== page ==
At the end of August my husband, John did his first ironman at IMKY. I took the kids down separately to watch the race and because I'
The kids were thrilled to ride "a real bus." I was not thrilled to find out it smelled like every other bus, i.e. bus bathroom overlaid with cloying cherry air freshener. But it got us there.
My roommate, Elizabeth, and her husband Dave were excellent hosts, alternating between schlepping me around to see John and entertaining the kids with their 3 kids, even when Patrick became slightly sick. I feel like Patrick is always sick on this blog. Here's a picture of him a couple weeks ago, hiking, just to show that sometimes he's healthy and vigorous.
The morning of the race Eizabeth and I got up early to see John before the start (he wisely stayed in a hotel, away from sick children and chatty spouses). IMKY is of course never wetsuit-legal, so he wore his favorite suit for the swim:
I feel like wearing this suit is a public service, because it relaxes so many other competitors. There were a lot of people taking pictures of him. I am a little scared to try googling "unicorn rainbow suit" and IMKY." Here he is at the start, jumping in by the big red buoy:
Elizabeth and I waited around to see him come out of the swim (in 1:01! what a stud!) and run into T1, then risked getting arrested by an overzealous volunteer when we crossed the race course (with at least 45 seconds' buffer) to see him go out on the bike. Of course he didn't see us either place, as it turns out.
We went home to find a sad and sick Patrick, expertly doped up on Tylenol by Dave (who is, after all, a pediatric surgeon), and we put him back to bed. I didn't want to leave the house again until he woke up, so we alternated between obsessively tracking John's bike splits online and playing piano duets.
This a great shot (courtesy of Charlotte), because it captures not only our intense dedication to the 4-hand version of The Battle Hymn of the Republic but also the super-classy TV Dave was watching in the next room. If I look deadly serious, it's because once in college I hit a wrong note (OK, it was like the 20th time I'd hit this particular wrong note, which was a natural after one of those incidental sharps or whatever you call those), and Elizabeth hit me in the arm. Hard. She was a multiple-time All-American in the 100 and 200 fly, so her hits packed a wallop. I still flinch every time I play that particular piece.
But I think Elizabeth has mellowed with age. Here's our reaction to one particularly challenging passage:
When Patrick woke up, he felt a lot better, so we all went out to catch John coming in at the end of the bike. We got there in time to see some of the top men and the very top women. Still, some of us found it less than scintillating.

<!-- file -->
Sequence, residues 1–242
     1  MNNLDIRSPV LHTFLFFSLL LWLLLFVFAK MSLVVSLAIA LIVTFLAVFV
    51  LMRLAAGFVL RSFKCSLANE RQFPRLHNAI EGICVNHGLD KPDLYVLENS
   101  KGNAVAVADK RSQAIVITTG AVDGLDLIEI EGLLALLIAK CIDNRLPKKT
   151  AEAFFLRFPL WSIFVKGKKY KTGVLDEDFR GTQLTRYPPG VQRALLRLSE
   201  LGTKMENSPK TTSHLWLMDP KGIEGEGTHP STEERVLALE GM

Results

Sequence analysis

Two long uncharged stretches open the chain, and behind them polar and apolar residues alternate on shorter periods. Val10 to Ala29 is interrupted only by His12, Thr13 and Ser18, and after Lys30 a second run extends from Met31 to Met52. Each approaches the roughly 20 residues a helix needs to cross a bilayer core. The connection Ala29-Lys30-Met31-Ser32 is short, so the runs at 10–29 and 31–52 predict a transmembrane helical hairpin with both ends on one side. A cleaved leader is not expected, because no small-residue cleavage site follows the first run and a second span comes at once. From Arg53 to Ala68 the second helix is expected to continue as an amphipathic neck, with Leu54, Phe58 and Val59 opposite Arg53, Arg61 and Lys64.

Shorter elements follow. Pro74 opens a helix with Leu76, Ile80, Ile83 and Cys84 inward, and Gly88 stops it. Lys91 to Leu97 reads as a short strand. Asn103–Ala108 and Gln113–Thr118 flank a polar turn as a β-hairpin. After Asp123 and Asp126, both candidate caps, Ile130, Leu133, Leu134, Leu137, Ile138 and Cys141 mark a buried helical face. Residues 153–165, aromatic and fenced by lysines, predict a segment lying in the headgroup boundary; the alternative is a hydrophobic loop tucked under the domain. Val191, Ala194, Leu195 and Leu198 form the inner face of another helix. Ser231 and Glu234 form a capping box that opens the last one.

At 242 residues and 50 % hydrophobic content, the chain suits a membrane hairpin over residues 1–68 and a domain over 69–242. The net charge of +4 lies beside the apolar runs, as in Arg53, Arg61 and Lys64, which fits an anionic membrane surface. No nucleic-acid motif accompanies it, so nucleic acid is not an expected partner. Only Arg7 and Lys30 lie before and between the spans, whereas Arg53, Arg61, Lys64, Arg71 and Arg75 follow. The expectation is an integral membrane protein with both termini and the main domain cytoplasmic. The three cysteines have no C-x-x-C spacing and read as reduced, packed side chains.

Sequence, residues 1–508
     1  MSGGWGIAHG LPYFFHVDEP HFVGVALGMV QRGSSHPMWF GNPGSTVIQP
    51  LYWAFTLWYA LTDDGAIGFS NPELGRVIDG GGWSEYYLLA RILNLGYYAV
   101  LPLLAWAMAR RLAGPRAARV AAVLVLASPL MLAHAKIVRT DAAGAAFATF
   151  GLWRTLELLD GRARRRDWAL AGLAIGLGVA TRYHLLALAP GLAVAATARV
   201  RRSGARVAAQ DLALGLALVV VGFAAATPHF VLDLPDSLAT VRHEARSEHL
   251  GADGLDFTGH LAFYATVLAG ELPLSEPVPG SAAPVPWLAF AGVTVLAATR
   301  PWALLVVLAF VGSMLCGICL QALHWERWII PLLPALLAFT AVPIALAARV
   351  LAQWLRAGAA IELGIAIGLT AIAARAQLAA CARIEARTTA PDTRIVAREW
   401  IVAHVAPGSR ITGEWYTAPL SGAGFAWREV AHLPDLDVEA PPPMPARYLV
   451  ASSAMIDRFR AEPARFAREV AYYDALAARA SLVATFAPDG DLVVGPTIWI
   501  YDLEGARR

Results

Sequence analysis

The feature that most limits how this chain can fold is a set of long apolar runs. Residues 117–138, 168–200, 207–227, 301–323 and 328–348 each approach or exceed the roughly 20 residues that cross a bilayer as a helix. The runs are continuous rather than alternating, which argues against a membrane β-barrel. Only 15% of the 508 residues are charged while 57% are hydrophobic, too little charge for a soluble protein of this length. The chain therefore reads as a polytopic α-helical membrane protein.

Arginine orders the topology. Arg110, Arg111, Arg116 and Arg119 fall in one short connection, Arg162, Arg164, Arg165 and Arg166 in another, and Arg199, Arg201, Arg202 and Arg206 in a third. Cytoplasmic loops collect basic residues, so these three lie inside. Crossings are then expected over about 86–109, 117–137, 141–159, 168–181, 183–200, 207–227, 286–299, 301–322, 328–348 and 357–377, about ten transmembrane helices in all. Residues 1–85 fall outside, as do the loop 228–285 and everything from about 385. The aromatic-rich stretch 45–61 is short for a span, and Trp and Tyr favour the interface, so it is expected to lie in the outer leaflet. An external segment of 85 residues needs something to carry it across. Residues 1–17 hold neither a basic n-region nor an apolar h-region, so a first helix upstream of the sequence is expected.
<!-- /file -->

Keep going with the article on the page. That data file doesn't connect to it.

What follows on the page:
Some of us were more interested in mugging for the camera.
Before we knew it, John came by on the bike, looking pretty happy. I even have a picture of this, because after taking several pictures of my hand as he came into and out of T1, I decided to hand the camera over to Elizabeth for the rest of the day.
Post bike we dropped the kids back at the house with Dave, and Elizabeth and I went out to the run course. She stayed to see John go by the first time (it's a 2x out and back), then went home to feed and entertain my children while I stayed out to catch him two more times. Apparently Patrick was feeling fully better by then, because during dinner when Elizabeth asked him what his middle name is, he said, "Booty!"
The run at IMKY was much less hot than last year, but it was still hot, sunny and humid, at least the part where I parked myself. I have to confess I was worried, when I decided to go down and watch John do this, that I would end up with the urge to do an ironman myself. I think it's possible that, had I seen only the start, the bike and the finish, I might well have gotten that urge. But seeing the run--I spent long enough there to see a lot of runners on both their first and second loops--killed any chance of that. I have a ton of respect for everyone who does these races, but holy cow, what a sufferfest. John was actually one of the happiest runners I saw there--he was doing a combination of running and walking, but he was downright chipper whenever I saw him.
Elizabeth came down to pick me up, I went home to say good night to the kids, and we headed back into town so we could see the finish. Here is John within seconds of the actual finish line:
For the record, he didn't see us here, either.
John had a great experience and now of course wants to try it again, so apparently he's doing IMLP next summer. I will train accordingly, because frankly, I got really tired sitting out there on the run course, had sweat stinging me in the eyes, and felt like I didn't fuel properly.